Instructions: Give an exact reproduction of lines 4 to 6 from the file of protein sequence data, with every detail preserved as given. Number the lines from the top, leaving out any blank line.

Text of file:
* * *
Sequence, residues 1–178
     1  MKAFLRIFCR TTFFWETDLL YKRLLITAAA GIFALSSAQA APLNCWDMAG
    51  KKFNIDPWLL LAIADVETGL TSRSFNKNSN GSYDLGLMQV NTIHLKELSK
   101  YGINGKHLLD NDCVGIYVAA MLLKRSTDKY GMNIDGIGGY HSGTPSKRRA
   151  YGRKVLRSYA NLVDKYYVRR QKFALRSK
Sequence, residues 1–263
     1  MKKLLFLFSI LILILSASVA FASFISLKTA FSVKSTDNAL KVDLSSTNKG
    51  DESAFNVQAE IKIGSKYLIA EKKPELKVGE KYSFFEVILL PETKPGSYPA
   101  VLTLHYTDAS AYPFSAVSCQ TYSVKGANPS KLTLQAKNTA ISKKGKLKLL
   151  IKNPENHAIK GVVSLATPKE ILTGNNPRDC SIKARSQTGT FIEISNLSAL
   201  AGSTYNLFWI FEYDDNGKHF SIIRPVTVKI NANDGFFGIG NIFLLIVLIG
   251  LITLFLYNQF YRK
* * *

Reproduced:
   101  YGINGKHLLD NDCVGIYVAA MLLKRSTDKY GMNIDGIGGY HSGTPSKRRA
   151  YGRKVLRSYA NLVDKYYVRR QKFALRSK
Sequence, residues 1–263